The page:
Attorney Frederic Henry Betts was a partner in the firm of Betts, Betts, Sheffield & Betts. His wealth and social status were reflected in his memberships to some of New York's most exclusive clubs--the Metropolitan, Century, and Grolier Clubs among them. He and his wife, the former Mary Louise Hollbrook (who went by her middle name), were well known among Manhattan society. Their summer estate was at Ardsley-on-Hudson.
In March 1897 Betts purchased the large property at the southwest corner of Madison Avenue from Archibald D. Russell for just under $1.8 million in today's money. The Real Estate Record & Builders' Guide reported on March 13 that Betts "will build a residence for his own occupancy."
Betts commissioned society architect Grosvenor Atterbury to design the home. His choice of architects is not surprising, since until three years earlier Charles Atterbury, Grosvenor's father, had been Betts's partner in Betts, Atterbury, Hyde & Betts.
The cost of construction brought his total outlay including land to the equivalent of just under $3 million today. Construction progressed with lightning speed and the sumptuous residence was completed within the year.
Atterbury had produced a dignified neo-Georgian style mansion. It was 25-feet wide on the avenue and stretched 95-feet along 65th Street. The centered entrance sat within a portico below a grouping of three windows, fronted by a stone loggia. Each of the second floor windows was enhanced with colorful stained glass transoms. Atterbury used limestone for the quoins and bandcourses, which contrasted with the red brick, and faced the entire fifth floor in stone.
The couple had three children, Louis F. H., Mary E. (who was already married), and Wyllys Rossiter. Louis and Wyllys moved into the mansion with their parents. (Wyllys received his unusual name in honor of his ancestors, early Connecticut Governors George Wyllys and Samuel Wyllys.)
Louise resumed her social routine in the new home. Every Monday morning during the winter season the Ladies' Singing Class met in the Betts residence. Louise had organized it several years earlier and the New-York Daily Tribune deemed it "the oldest organization of its kind in New-York society." On the evening of February 23, 1899 she showed off the group's accomplishments.
The Tribune reported "a very pleasant incident on Thursday evening was the informal reception given Mrs. Frederic L. Betts at her new home, No. 22 East Sixty-fifth-st." Mary assisted her in receiving the guests, including some of the most recognized names in Manhattan society--like Mrs. Charles T. Barney, the William D. Sloanes, the Edward J. Berwinds, the Townsend Burdens, the Koernochans and the Schieffelins. The article noted "The musical part of the entertainment was contributed by the members of the Ladies' Singing Class."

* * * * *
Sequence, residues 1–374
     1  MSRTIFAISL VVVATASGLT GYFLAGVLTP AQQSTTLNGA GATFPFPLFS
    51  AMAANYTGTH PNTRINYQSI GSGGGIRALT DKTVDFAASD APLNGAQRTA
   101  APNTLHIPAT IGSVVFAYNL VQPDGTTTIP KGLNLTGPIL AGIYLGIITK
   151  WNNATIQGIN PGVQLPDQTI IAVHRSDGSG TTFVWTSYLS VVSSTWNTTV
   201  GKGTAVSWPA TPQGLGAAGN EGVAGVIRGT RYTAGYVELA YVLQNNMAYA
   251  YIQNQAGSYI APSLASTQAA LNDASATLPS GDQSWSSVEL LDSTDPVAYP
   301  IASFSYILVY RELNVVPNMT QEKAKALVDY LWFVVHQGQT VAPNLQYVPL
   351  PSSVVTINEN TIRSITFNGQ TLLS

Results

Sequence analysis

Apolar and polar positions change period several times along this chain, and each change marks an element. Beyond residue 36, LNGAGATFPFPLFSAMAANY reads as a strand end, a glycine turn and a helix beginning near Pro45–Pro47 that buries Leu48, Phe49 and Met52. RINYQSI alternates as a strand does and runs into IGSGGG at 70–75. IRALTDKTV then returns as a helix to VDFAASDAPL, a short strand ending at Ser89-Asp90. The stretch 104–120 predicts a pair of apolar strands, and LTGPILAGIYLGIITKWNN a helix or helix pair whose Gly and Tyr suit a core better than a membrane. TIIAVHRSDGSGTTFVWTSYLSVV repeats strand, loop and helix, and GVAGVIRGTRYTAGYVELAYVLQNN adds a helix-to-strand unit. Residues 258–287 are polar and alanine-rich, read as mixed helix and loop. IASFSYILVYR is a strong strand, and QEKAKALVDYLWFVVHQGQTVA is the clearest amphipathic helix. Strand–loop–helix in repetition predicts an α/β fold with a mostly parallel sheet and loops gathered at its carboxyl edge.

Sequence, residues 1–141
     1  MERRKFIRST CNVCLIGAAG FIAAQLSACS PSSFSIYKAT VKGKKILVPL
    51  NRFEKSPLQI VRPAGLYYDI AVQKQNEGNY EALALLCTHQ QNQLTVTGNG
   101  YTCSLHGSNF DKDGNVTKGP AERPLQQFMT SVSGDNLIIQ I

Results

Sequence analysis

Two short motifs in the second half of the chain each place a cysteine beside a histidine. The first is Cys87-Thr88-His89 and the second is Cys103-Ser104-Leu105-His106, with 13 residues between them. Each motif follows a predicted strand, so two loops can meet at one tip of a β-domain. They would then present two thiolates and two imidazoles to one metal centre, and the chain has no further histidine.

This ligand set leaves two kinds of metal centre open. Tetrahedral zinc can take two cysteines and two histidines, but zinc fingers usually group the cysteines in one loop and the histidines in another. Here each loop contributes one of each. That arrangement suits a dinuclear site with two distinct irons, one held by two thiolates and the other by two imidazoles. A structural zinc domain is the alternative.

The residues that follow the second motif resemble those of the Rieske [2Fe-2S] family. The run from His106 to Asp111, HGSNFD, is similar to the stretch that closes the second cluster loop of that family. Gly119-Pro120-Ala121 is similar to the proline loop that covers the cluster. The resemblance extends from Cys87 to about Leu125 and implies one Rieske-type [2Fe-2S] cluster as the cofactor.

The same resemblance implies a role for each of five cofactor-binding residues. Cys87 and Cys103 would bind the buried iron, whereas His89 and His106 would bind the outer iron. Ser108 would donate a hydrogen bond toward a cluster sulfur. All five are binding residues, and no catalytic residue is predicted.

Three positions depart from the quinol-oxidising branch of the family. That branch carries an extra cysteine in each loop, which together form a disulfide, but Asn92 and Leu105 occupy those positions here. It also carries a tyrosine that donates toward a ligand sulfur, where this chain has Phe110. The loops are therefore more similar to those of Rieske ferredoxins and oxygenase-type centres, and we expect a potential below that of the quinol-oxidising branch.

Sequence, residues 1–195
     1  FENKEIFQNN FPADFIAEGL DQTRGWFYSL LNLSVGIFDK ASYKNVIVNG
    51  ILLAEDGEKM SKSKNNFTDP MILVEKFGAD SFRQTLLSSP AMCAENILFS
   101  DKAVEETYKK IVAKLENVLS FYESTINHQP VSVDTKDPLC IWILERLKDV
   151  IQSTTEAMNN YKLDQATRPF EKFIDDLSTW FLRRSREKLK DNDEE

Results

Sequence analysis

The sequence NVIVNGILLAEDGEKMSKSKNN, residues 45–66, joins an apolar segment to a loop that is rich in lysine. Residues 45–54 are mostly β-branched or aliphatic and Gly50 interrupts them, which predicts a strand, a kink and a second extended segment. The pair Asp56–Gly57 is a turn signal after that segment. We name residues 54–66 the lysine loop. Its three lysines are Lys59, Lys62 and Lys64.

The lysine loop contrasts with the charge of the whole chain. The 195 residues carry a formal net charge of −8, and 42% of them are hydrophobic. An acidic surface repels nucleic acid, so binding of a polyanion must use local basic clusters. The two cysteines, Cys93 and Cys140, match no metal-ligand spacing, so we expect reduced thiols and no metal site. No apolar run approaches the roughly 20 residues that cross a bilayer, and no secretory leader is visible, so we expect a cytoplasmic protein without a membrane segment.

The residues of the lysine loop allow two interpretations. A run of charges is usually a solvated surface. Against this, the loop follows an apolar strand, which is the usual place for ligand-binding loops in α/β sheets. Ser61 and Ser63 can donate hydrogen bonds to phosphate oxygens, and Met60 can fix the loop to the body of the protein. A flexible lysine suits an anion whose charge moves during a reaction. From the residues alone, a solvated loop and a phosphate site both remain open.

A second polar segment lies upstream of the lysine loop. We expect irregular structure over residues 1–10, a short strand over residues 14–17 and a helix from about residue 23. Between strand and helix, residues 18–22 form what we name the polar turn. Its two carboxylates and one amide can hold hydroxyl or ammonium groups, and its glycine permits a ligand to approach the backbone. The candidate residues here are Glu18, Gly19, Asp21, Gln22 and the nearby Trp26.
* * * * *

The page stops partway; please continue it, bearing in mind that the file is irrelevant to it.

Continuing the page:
Three weeks later, on March 14, Louise experienced a frightful accident. She was riding down Fifth Avenue in her brougham when a bicyclist, Michael Davay, lost control and ran into the pole of her carriage. Louise's driver was able to control the frightened horse, but Davay suffered a fractured jaw.
|The brougham Mary Betts was riding in was much like the one above. Davay crashed into the pole at the side of the horse. original source unknown
While Frederick and Louise sometimes summered in Europe, they most often spent the season at their Long Island estate, Mocomanto, in Southampton Village. The house sat on Lake Agawam. Louise had a gondola shipped from Venice in which she would be seen entertaining small groups of four or six on the lake.
|Mary Louise Betts and friends in her Venetian gondola. original source unknown
On November 11, 1905 Frederic Betts died suddenly in the 65th Street house. In reporting on his death, newspapers remarked on his illustrious career. The Newburgh Register called him "one of the most prominent lawyers in New York," and said "He had been counsel in patent cases for the Western Union Company, American Bell Telephone Company, Edison Electric Light Company and many others."
Louise received the entire "big estate," as worded by the Brooklyn Daily Eagle, with the stipulation that she "is to care for the children." Saying that Betts was "classed among the millionaire summer residents" of Southampton, the newspaper estimated the value of Mocomanto alone at $200,000--nearly $5.9 million today.
By 1908 Louise had moved into a Park Avenue apartment. She leased the 65th Street house in August that year to banker James Cunningham Bishop and his wife, Abigail.
Like Mary Louise Betts, Abigail was interesting in honing musical talent. She organized weekly classes for underprivileged children in the house. In an unexpectedly democratic move, she included her four of her five daughters in the classes--three who played violin and one the piano.
On February 16, 1911 The New York Herald reported that she had sent out invitations to an upcoming Children's Orchestra concert in the ballroom of the Plaza Hotel. "The concert will be out of the ordinary run of musical entertainments prepared for society," said the article, "as the performers will all be children, prodigies of Mrs. Bishop, and members of her own family."
The article went on "Many women in society provide for the children of the less fortunate tribes in the country in the summer, but in lieu of anything of this sort, Mrs. Bishop has made possible for children of talent whose means do not allow its cultivation a chance for the study of music and for several winters these children have met at her house, No. 22 East Sixty-fifth street and have been trained by Mr. Louis Cornau."